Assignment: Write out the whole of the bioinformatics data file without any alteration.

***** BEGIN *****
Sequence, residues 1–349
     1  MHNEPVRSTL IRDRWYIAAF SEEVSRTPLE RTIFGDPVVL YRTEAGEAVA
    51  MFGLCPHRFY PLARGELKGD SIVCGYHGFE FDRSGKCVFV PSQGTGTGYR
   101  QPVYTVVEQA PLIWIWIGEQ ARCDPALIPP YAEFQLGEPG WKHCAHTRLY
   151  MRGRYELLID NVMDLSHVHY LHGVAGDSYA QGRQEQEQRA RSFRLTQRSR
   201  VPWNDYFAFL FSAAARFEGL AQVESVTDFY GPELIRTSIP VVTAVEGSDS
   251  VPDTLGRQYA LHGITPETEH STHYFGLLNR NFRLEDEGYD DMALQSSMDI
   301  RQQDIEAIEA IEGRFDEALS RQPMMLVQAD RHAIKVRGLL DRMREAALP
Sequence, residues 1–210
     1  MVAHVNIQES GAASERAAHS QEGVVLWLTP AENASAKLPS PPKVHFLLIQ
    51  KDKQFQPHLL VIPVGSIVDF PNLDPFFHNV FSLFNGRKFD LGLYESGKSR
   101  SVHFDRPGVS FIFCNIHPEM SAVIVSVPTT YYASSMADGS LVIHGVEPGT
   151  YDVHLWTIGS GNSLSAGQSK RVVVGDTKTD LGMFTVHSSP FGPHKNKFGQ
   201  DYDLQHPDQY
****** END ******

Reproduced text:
Sequence, residues 1–349
     1  MHNEPVRSTL IRDRWYIAAF SEEVSRTPLE RTIFGDPVVL YRTEAGEAVA
    51  MFGLCPHRFY PLARGELKGD SIVCGYHGFE FDRSGKCVFV PSQGTGTGYR
   101  QPVYTVVEQA PLIWIWIGEQ ARCDPALIPP YAEFQLGEPG WKHCAHTRLY
   151  MRGRYELLID NVMDLSHVHY LHGVAGDSYA QGRQEQEQRA RSFRLTQRSR
   201  VPWNDYFAFL FSAAARFEGL AQVESVTDFY GPELIRTSIP VVTAVEGSDS
   251  VPDTLGRQYA LHGITPETEH STHYFGLLNR NFRLEDEGYD DMALQSSMDI
   301  RQQDIEAIEA IEGRFDEALS RQPMMLVQAD RHAIKVRGLL DRMREAALP
Sequence, residues 1–210
     1  MVAHVNIQES GAASERAAHS QEGVVLWLTP AENASAKLPS PPKVHFLLIQ
    51  KDKQFQPHLL VIPVGSIVDF PNLDPFFHNV FSLFNGRKFD LGLYESGKSR
   101  SVHFDRPGVS FIFCNIHPEM SAVIVSVPTT YYASSMADGS LVIHGVEPGT
   151  YDVHLWTIGS GNSLSAGQSK RVVVGDTKTD LGMFTVHSSP FGPHKNKFGQ
   201  DYDLQHPDQY